This is an extremely high level of intensity for March of 2007, nearly 15 months before the primary election. Someone was telling me that in other Assembly Districts, people were announcing that they are strongly thinking about running for Assembly and in this race, there is a furious pace to line up the support of elected officials.

All of which makes for interesting times as someone following this race. Stay tuned.

---Doug Paul Davis reporting

In-Car Police Computers Remain Inoperative

In the Ombudsman’s report to City Council presented on February 20, 2007, one of the biggest areas of concern was the fact the in-car police computers did not work. This means that police cars could not know where each other were at all times. It also inhibits the ability and ease of checking license plates.

As Davis Police Ombudsman Robert Aaronson wrote:
As I understand it, a substantial number of the in-car computers remain unreliable and cannot be depended upon to remain in contact with dispatch. This is a serious officer safety issue. It adversely impacts Department morale and undermines the quality of service the Department can provide to the community. Given the long period (many months) that this has remained unresolved, it is high time it was fixed once and for all.
And in fact these computers have never worked and to this day continue to not work. The primary problem with them seems to be hardware-software compatibility. The software is newer than the hardware and causes the hardware to crash.

This mirrors the problem of in-car cameras, which for months were not working and so the officers were not getting reliable recordings of an on-scene encounters. However at last month’s City Council Meeting Aaronson told council:
“It's been my view all along that the in-car computers are more critical than the in-car cameras."
The safety issues involving the officers and the convenience of having readily accessible information aside there are several very concerning factors about this inability to get this technology to work.

The first and most obvious one is that this is hardly re-inventing the wheel. We could likely go across the country and find almost every police department and almost every police vehicle with computers in the vehicle. And I think it is safe to say that in almost every police department with in-car computers, the computers are operational. They work. This is not rocket science. There is no logical technical reason that you cannot make computers in a police vehicle work.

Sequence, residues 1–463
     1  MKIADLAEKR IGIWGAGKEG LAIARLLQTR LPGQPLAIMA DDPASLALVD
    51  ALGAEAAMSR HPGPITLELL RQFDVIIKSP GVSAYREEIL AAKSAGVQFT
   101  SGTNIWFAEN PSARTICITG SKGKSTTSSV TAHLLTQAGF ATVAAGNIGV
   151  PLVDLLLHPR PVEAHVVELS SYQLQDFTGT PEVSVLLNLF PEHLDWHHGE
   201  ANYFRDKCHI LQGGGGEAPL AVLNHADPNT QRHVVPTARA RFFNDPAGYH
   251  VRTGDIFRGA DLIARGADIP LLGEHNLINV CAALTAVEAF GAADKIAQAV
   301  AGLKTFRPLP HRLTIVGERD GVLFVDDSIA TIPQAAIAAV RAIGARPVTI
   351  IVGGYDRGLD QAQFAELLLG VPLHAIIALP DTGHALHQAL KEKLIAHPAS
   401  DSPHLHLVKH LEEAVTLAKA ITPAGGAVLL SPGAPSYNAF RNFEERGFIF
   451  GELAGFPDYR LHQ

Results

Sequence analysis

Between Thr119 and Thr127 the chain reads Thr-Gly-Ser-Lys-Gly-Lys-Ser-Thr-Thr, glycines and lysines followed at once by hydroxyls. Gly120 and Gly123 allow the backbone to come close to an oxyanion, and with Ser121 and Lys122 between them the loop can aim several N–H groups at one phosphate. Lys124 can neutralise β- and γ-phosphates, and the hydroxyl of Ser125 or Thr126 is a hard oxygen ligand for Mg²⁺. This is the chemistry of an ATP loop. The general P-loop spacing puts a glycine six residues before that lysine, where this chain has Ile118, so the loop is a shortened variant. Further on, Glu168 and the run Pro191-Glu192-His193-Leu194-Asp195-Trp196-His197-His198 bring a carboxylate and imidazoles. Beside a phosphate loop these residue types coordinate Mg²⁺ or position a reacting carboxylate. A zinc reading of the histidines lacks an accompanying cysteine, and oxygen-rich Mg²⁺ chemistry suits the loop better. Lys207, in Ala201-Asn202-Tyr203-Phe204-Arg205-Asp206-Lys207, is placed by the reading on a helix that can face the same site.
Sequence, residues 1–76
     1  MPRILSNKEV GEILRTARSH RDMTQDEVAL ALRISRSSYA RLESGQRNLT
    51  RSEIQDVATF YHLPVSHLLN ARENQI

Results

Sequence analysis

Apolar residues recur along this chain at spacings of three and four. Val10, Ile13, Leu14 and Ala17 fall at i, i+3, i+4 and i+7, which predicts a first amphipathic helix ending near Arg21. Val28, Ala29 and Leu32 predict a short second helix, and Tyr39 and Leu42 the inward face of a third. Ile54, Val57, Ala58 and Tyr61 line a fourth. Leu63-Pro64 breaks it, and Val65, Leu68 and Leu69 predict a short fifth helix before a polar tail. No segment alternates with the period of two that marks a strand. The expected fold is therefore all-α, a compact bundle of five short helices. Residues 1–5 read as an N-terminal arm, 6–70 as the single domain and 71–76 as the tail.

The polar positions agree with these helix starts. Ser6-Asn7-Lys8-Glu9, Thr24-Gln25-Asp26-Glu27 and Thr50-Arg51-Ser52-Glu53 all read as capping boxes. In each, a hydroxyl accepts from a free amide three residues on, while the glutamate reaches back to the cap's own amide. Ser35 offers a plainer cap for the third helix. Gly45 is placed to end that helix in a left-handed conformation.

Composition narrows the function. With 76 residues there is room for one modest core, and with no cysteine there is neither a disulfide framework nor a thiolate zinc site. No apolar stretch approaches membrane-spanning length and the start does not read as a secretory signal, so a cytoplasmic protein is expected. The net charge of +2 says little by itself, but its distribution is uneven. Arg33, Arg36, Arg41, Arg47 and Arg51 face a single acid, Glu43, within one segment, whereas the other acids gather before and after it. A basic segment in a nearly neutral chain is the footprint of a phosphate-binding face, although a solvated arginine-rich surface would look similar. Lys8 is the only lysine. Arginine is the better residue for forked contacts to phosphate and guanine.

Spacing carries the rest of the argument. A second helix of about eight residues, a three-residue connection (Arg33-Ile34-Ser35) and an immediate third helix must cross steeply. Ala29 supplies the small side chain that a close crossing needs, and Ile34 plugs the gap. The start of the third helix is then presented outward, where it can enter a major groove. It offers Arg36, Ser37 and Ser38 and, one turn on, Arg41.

That leads us to the second problem. This is not an unknown problem. Mr. Aaronson has mentioned it in public several times. And he mentions it frequently in conversation. That means not only does the police department know but the city manager’s office knows and city staff knows. Perhaps I am na├»ve about how all of this stuff works, but I would think this would not be a difficult problem to resolve.

In part this gets at Mr. Aaronson’s concern about leadership within the department:
The second [problem], based on many discussions with Department members, is the need for quality leadership and clear supervision that uniformly holds people accountable. Without intending to disrespect the hard work of current and former supervisors and administrators, it does appear that the turnover in staff, and particularly in chiefs, has undermined the organization’s supervisory chain of command, its vision and its morale.
And while in many ways this clearly is a police leadership problem and it exemplifies the concerns that Mr. Aaronson has about leadership. It is also broader than a police problem. It is a city problem. Mr. Aaronson came before City Council last month. Each of the five city council members are aware of this problem as is city staff again, from the City Manager on down.

So why is this problem not solved? How much money will this problem cost the city in an attempt to resolve? Who is accountable for the failure of these computers to work? Will the City Manager, the Interim Police Chief, and/ or the City Council hold people responsible for this failure? None of these answers are clear, although it appears from the outside that no one will be held responsible for this.

What is clear is that newly hired Police Captain Landy Black both cannot get here fast enough and has his work cut out for him. The department needs a strong leader than can resolve these problems, but again the responsibility here does not end with the Interim Police Chief and that might be a bigger problem in the long run.

---Doug Paul Davis reporting

Wednesday, March 21, 2007

News Analysis: Parcel Tax in Jeopardy?

Last night at the Davis City Council Meeting, I sat by School Board Members Sheila Allen and Gina Daleiden as they waited patiently for an extended period of time for the council to finish deliberations on a development agreement. I am still not certain who was more tired last night--them or me--we had all been up very late on Monday night and yesterday was not much shorter.

While this commentary is primarily focused on the parcel tax, I want to take a moment to criticize the council in the way they deliberated on the development agreement for a South Davis subdivision. One thing that was readily apparent last night was that the city council erred in attempting to deliberate on the finite details of such an agreement in public--they would have been better served having given staff direction and bringing the item back for approval as a consent item.

As it was, what appeared on the agenda to be a short meeting went well past midnight.

In the meantime by 10:45 or so last night, Board Members Allen and Daleiden presented information about the extension of the parcel tax.